Modern society tends to shy away from thoughts or discussions of death, but it’s a part of life that can’t be ignored. In our culture, we focus on staying young and acting as if nothing will ever change, but the truth is, life doesn’t last forever. We must all accept that death is inevitable and use it as an opportunity to appreciate our time on earth.
When my dad died and I was faced with the daunting task of cleaning out my childhood home, the house my dad had built and lived in for more than 40 years, the fleeting nature of life really hit home.
Both of my parents died before their time and, as I sifted through a lifetime of memories, I was surrounded by evidence of a life left unlived.
There were boxes and boxes of beautiful items being saved for a “special occasion”, carefully wrapped in tissue, price tags still in tact. These things would have brought joy and value to their lives, but any ordinary day wasn’t exceptional enough and so the boxes were left untouched.
Memento Mori reminds us that every day that we are alive is a special occasion – so live your life accordingly.
Take the trip. Use the “good” towels. Wear the fancy dress. Tell everyone you love them.
How to use Memento Mori as a Daily Reminder
Rather than being fearful of death, use Memento Mori to remind you not to take life for granted. Use every precious second so that, when your time comes, you can greet death without regret.
Memento Mori is a great reminder of “as I am, so shall you be”: an encouragement to honour and remember those who have passed before by living our own lives to the fullest.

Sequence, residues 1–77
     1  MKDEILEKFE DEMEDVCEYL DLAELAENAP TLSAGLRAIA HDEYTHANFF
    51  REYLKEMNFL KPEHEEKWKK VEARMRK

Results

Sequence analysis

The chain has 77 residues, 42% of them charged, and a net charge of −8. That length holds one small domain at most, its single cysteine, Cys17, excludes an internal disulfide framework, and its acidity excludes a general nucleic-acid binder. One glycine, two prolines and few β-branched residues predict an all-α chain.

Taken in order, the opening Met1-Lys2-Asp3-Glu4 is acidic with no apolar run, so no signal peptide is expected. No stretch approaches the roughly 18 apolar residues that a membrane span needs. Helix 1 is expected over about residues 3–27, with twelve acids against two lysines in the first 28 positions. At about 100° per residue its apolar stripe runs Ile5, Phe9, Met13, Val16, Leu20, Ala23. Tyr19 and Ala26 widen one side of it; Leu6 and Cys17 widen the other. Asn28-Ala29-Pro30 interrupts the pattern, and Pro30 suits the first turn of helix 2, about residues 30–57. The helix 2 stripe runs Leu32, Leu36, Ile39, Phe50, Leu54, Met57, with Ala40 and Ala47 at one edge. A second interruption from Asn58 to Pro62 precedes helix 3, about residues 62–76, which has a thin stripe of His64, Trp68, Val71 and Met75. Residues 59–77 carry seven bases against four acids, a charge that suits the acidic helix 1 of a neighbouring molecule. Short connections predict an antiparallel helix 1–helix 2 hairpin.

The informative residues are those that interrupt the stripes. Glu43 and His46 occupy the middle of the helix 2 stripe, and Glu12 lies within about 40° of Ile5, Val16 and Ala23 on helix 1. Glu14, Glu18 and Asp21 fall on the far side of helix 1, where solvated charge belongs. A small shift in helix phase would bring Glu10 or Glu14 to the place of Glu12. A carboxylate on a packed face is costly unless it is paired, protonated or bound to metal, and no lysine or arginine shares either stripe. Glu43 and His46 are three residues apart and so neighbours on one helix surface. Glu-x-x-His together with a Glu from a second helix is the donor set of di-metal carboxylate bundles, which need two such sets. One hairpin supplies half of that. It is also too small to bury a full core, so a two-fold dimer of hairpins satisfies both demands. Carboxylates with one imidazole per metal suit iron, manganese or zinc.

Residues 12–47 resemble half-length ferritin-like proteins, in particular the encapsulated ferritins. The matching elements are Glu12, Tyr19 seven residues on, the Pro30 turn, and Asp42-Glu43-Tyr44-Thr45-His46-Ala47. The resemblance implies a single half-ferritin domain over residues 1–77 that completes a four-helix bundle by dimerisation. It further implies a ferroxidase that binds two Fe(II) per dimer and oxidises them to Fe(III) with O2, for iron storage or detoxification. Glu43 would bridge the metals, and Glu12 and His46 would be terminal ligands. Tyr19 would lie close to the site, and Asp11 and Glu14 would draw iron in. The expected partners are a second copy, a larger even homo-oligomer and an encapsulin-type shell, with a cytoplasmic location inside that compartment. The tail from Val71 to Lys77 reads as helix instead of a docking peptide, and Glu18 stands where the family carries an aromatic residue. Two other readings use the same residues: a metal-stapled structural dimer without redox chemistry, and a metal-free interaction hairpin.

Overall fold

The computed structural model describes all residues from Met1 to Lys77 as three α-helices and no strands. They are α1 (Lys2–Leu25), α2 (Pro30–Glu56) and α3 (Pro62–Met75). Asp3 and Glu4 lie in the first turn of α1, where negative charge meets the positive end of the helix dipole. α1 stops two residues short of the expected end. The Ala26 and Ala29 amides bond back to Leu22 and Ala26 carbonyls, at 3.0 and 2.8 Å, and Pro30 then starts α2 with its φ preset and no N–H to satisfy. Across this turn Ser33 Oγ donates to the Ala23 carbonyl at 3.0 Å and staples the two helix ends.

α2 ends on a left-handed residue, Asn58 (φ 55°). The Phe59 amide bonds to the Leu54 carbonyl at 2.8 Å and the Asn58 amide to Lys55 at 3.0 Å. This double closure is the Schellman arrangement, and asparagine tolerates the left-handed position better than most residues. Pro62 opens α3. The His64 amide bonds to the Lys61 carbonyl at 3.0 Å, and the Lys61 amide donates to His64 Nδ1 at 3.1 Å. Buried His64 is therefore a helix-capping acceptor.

Use this symbol as a connection to family and friends who have left this earth and a call to action to make the most of the time you have been given.
Memento Mori is a powerful reminder, so one way to use it is to place a visual representation where you will see and reflect on it often.
There are many examples of Memento Mori in art that you can hang in your home, or you can create a small altar with bones and other objects that you associate with life and death.
Memento Mori Pendant
My favourite way to use this symbol is to wear a Memento Mori necklace. Not only do I connect with the meaning as I put it on each day but I can see it every time I look in the mirror. Throughout the day, I can feel it’s weight around my neck and touch it when I need a reminder.
No matter how you decide to use Memento Mori, remember that it is not meant to cause sadness or worry. If you find the thought of your own death overly depressing or scary, take a step back and focus instead on the life you are living and how best to enjoy it.
It’s possible that your mortality concerns you only because you feel like you haven’t experienced all of the things you wanted to in life.
So start today, start NOW! Use your discomfort to motivate you to quit wasting your time on worry and start living the life you want today. Don’t wait – seize the moment and make it yours!
Wikipedia – https://en.wikipedia.org/wiki/Memento_mori
The Tate – https://www.tate.org.uk/art/art-terms/m/memento-mori
The British Museum: IMAGE: Memento Mori Woodcut (Alexander Mair) – https://www.britishmuseum.org/collection/object/P_1893-1020-4
Rijksmuseum: IMAGE: Memento Mori Ring (Anonymous) – https://www.rijksmuseum.nl/nl/collectie/BK-2017-14